Monday, November 15, 2021

Justice League (2001-2006) - Review and Analysis

In the late 1990's, thanks to the success of the Batman and Superman cartoons, Warner Bros. Animation decided to proceed with plans for a Justice League cartoon. There were many ideas floated around the offices of Warner Animation about how to bring the show to life. First and foremost, Bruce Timm and his team would be the showrunners, for obvious reasons.

The show was originally going to feature the classic Silver and Bronze Age versions of The Justice League. Barry Allen was set to be The Flash, Hal Jordan was going to serve as the show's Green Lantern. Hawkgirl was not going to appear and John Stewart was only supposed to make a cameo appearance. Aquaman was also meant to be a main character. The producers abandoned that approach as they thought it would feel like an extension of the old Super Friends cartoon. More diversity was desired and they wanted the show to feel modern. So, Hal and Barry were deleted and they brought in John Stewart (who was more brash and aggressive than Hal) and Wally West (who was considered by Bruce Timm to be younger and cooler than Barry). Hawkgirl was added for more female representation as well. Martian Manhunter, the alien known as J'onn J'onzz, was originally set to make only a few cameo appearances in a couple episodes. The producers felt, since he was a founding member of the team, that J'onn  should be part of the main cast.

Justice League debuted to much fanfare on Nov. 17th, 2001 on Cartoon Network. The show was clearly an extension of the DC Animated Universe and all the characters were faithful to their comic book counterparts. Kevin Conroy returned as the voice of Batman but Tim Daly was replaced by George Newburn as the voice of Superman. 

The great thing about this show is, because of the ensemble cast and their differing traits and characterizations, a diverse set of plots and adventures could be had. Wild science fiction stories could be told along with the more grounded crime fiction shows. Because it's a team show the character interactions are what make it special. We get to see how each of the main characters approach their roles as superheroes and how they sometimes clash with their teammates. 

In 2004, the show was rebranded as Justice League Unlimited (abbreviated to JLU). Bruce Timm has famously said that the final episode of season 2 was supposed to be the finale but, because of high ratings, Cartoon Network ordered more episodes. Rather than continue on with the same show, Timm and his producers decided to make a new show that was based on those first two seasons. Rather than simply show the Justice League in more cartoons, the new show would feature an expanded cast from all corners of the DC Universe.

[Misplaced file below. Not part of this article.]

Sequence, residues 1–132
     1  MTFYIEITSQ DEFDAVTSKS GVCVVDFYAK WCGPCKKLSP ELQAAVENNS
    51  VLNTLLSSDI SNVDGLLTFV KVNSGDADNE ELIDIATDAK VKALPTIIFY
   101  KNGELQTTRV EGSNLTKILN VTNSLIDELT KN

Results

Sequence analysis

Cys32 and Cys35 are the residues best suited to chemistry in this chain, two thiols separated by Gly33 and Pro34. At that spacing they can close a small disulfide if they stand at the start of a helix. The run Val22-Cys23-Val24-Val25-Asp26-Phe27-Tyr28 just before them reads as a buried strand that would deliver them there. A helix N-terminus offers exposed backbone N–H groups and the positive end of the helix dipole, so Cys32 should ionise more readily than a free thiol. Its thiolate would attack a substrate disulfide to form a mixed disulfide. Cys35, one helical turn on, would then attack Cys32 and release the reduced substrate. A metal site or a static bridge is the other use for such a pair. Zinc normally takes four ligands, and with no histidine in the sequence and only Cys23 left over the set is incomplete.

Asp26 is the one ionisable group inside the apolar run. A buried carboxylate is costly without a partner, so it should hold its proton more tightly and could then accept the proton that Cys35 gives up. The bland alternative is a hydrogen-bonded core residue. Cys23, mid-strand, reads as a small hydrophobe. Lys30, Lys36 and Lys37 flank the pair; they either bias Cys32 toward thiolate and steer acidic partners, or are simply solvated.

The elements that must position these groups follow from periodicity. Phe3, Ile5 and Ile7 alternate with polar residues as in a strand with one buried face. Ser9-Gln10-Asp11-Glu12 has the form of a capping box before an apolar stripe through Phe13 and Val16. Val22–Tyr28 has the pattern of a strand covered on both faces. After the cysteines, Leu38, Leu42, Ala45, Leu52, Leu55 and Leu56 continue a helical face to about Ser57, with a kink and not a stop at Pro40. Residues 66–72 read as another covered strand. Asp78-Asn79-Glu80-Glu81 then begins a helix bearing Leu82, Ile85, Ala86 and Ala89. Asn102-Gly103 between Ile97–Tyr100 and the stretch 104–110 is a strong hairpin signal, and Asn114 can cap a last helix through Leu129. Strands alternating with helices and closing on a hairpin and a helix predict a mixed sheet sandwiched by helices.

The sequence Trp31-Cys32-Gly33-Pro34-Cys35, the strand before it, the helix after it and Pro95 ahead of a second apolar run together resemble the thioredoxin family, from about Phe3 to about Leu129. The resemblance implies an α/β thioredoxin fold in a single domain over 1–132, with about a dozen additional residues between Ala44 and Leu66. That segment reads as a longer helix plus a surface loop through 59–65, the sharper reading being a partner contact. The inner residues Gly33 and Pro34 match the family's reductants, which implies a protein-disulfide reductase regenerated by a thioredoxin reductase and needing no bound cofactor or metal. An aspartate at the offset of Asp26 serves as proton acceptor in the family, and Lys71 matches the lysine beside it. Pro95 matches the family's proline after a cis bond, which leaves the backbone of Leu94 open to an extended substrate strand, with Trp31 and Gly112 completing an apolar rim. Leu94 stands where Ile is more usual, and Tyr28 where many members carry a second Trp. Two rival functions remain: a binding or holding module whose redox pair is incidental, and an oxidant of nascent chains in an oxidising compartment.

The new cast included the original show's stars but now featured Green Arrow, Black Canary, The Question, The Huntress, Supergirl, Booster Gold, and Captain Atom, among others. Justice League Unlimited was a broader show than its predecessor with many multi-part story arcs. It continued to explore the main characters motivations but also seemed more operatic in scope. The fun sense of adventure and banter between the characters remained but I think the new show told better stories. A fun thing for any DC Comics reader to do is to watch the show and see how many tertiary characters you can spot. I always remember seeing some of my favorites (like Swamp Thing) appear briefly in the Watchtower (the Justice League satellite headquarters).

In many ways, this is my favorite superhero cartoon based on DC characters, even if I revisit it less than BTAS or Superman. The expanded cast and the expertly crafted writing and dialogue shows that Bruce Timm, Paul Dini and the other producers really understand these characters and the world they inhabit. Justice League was a great team-up show with a lot of heart. JLU was all that and more, telling deeper, more layered and dramatic stories while still managing to be fun. I know this is a beloved show and I highly recommend it as well. It's reputation is well deserved.

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